The co-pilot also was told the chute of one American, which he assumed
was Glonek, hadn’t opened enough to save him, even if he was alive
when he reached the ground; and the chute of the other American,
The next day, Stars and Stripes, the U.S. military
15 bombers — or fewer than 2 percent of the 800 on the mission
were lost. The story noted: “Preliminary reports of the Frankfurt
raid gave no indication last night of the opposition encountered
or the damage done, but some returning crews said they were
by the lack of German resistance on the way in. Neither
fighter nor flak opposition was
heavy, they said, until the Forts had
made their bombing run and were headed for the coast
— a further
indication of the success of the recent concerted assault on Nazi
fighter factories and airfields.”
Regardless of how many lost planes
there were, Monfort was
in one of them. And he didn’t survive. Two weeks later,
reported to be among those Missing in Action. Then his death
confirmed. Other crew members became prisoners of war.
Dick had just turned 21. Kenny was 15. Walt Barnhart
wrote in his 2008 book, “Kenny’s Shoes,” that Kenny was fine
with Dick being ticketed
to head the family business and was
hoping to become a journalist. In 1948, Kenny and his
Colorado A&M fraternity buddy, future Colorado Governor
Roy Romer, visited Dick’s grave in
the military cemetery at
Nancy, France, near the German border. The remains were
brought back to Greeley.
Kenny had four children, including sons Dick and Charlie,
daughters Kay and Kyle. When he served two terms
in the Colorado Legislature in the
tumultuous 1960s, Kenny —
who had been so affected by his brother’s death
known as an anti-war Democrat. In 1980, he switched
He died in February 2001.
Kenny’s son Dick needs no introduction in Greeley, and it goes beyond
Dick’s long-time linkage to the
Monfort family business, including after
its 1987 sale, until his retirement from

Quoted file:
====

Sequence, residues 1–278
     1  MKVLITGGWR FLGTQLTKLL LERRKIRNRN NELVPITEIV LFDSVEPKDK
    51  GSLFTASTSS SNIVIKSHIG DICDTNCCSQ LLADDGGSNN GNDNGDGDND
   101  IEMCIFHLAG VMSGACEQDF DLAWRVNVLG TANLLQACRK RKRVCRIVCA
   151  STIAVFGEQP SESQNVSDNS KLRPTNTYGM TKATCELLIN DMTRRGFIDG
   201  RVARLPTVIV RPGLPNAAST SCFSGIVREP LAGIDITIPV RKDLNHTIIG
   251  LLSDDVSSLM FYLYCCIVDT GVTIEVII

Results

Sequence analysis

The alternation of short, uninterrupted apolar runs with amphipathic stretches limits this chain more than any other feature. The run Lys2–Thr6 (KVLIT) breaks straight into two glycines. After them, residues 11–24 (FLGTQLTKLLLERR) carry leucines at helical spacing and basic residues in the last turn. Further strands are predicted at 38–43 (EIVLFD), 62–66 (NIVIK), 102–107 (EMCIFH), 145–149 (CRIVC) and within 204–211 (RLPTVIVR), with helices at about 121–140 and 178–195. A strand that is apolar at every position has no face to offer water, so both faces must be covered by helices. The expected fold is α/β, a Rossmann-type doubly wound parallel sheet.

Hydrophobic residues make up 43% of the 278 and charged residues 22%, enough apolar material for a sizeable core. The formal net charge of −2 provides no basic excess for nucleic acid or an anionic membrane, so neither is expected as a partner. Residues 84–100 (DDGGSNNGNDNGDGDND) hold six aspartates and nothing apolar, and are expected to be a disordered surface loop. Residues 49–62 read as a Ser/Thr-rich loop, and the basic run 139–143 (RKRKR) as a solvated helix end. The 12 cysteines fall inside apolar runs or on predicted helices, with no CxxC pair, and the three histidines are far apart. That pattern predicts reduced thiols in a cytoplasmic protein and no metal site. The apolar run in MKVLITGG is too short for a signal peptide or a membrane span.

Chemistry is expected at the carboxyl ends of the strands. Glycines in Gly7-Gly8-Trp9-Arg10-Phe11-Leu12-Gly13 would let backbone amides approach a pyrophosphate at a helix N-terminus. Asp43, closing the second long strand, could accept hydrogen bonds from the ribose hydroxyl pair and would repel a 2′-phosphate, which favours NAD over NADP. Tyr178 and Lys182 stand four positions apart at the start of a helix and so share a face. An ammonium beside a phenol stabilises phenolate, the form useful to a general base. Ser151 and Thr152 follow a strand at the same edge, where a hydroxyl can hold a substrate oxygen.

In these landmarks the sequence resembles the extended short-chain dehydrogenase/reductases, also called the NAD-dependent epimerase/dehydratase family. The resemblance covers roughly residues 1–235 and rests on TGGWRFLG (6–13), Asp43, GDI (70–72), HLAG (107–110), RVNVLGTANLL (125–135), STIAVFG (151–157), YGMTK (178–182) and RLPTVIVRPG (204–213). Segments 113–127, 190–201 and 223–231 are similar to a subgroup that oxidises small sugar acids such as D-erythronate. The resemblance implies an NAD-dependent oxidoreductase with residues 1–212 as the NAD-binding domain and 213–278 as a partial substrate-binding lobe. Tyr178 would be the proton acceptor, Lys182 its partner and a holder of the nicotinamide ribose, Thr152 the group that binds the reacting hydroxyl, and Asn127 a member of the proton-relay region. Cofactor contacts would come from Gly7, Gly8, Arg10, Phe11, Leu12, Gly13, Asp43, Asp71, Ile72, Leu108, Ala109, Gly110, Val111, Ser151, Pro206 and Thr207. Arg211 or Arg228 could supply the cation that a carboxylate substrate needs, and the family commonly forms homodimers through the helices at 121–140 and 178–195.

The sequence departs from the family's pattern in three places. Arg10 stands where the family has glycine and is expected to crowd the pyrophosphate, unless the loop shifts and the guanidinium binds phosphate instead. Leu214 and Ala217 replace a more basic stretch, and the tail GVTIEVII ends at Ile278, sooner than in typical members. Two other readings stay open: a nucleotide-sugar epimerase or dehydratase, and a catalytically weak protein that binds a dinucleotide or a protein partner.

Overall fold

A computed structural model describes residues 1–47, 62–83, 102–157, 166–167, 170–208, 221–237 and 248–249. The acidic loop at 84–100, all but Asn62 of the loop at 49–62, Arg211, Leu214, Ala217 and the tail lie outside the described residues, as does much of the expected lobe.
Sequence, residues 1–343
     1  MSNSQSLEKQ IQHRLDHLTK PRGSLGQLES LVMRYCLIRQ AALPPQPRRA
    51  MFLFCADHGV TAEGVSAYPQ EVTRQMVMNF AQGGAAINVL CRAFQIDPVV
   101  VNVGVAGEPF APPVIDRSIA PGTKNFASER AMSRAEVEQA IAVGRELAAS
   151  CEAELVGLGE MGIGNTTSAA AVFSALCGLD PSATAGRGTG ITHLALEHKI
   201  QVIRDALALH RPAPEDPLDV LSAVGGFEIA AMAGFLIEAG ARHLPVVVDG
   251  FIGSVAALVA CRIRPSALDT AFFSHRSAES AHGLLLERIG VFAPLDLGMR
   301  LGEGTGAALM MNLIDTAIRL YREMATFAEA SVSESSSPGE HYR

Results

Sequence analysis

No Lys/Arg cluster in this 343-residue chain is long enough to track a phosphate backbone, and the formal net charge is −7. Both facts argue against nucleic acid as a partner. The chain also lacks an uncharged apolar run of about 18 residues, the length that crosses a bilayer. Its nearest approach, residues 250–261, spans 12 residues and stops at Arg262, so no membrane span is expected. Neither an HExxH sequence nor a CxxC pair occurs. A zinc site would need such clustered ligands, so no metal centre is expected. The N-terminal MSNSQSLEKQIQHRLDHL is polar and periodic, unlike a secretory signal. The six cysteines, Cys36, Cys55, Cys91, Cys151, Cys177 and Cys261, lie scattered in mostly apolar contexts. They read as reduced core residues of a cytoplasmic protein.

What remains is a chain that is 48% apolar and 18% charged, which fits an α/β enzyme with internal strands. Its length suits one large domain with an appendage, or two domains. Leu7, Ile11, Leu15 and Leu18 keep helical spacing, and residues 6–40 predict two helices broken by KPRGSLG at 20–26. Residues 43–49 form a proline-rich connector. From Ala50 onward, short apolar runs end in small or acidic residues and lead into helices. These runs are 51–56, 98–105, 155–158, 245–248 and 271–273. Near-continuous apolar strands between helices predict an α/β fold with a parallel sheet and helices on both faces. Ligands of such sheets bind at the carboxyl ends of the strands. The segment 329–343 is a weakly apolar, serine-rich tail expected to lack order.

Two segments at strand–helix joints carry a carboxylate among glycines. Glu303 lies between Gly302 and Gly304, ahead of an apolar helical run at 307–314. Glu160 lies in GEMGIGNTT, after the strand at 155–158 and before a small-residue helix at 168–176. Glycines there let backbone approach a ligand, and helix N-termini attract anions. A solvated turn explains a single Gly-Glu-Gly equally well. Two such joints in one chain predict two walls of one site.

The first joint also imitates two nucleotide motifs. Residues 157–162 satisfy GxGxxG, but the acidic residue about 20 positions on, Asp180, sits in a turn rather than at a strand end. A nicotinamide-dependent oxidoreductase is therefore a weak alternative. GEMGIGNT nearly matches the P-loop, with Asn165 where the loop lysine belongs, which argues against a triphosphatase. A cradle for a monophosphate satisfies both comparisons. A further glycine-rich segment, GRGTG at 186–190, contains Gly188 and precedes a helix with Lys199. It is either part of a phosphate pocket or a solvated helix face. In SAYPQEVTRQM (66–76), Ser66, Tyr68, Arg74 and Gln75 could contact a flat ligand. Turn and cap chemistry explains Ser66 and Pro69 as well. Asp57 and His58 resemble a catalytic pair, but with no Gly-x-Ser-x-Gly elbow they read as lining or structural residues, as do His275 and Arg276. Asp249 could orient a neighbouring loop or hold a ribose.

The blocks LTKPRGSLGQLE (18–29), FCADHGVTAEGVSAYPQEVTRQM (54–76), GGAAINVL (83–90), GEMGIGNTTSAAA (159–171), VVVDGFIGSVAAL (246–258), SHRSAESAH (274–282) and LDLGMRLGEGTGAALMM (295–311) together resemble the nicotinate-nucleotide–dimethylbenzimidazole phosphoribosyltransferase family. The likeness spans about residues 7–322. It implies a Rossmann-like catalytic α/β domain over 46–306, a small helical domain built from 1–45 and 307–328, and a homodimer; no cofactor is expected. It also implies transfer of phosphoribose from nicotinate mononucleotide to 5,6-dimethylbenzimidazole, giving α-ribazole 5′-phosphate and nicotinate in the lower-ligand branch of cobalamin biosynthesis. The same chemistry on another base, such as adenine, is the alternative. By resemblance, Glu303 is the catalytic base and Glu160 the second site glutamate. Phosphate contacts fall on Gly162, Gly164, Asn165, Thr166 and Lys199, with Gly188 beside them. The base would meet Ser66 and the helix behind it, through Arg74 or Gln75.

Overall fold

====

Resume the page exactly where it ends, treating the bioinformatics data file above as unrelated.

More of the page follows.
ConAgra in 1995. He’s involved
in other business pursuits and is active in charity
and civic ventures,
currently serving as chairman of UNC’s board of trustees.
Outside of Greeley, he and Charlie are best known as the primary
owners of the Colorado Rockies. Dick is the team’s managing
chairman and chief executive officer. Charlie is
listed as an owner/general partner.
Dick was born in 1954. His birth name is Richard Lee Monfort.
Sunday, Dick said when he was “7 or 8,” Kenny sat down
with Dick and
Kyle, two years older, and told the kids about
their uncle. Dick came away honored
to have been named Richard
Lee Monfort, and that feeling lingers.
“He told us how (my uncle) died in the war and how my dad really
to him,” Dick said Sunday. “And how my uncle was going
to be the one
who was going to run the business and my dad was
going to do something else. He said
that he and his sister (Margery)
had both agreed they’d call their first male child Richard.”
Margery’s son, or Dick’s cousin, was Richard “Ricky” Wilson.
He died of leukemia at age 19.
“On a day like (Memorial Day),
I feel for anybody that died
in any type of war that we’ve had,” Dick
said. “God bless
them for doing all they did so we could have our freedom.”
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I also paid a return visit to the Colorado Freedom Memorial
last week. The glass panels on the sweeping memorial in Aurora
variously angle forward or backward.
There it was,
on Panel 15 near the center of the memorial. Second
column, sixth row of names, against
a backdrop of puffy clouds
visible through the glass.
“RICHARD L MONFORT”
One name among the many.
Here, he represents all those we salute on Memorial Day.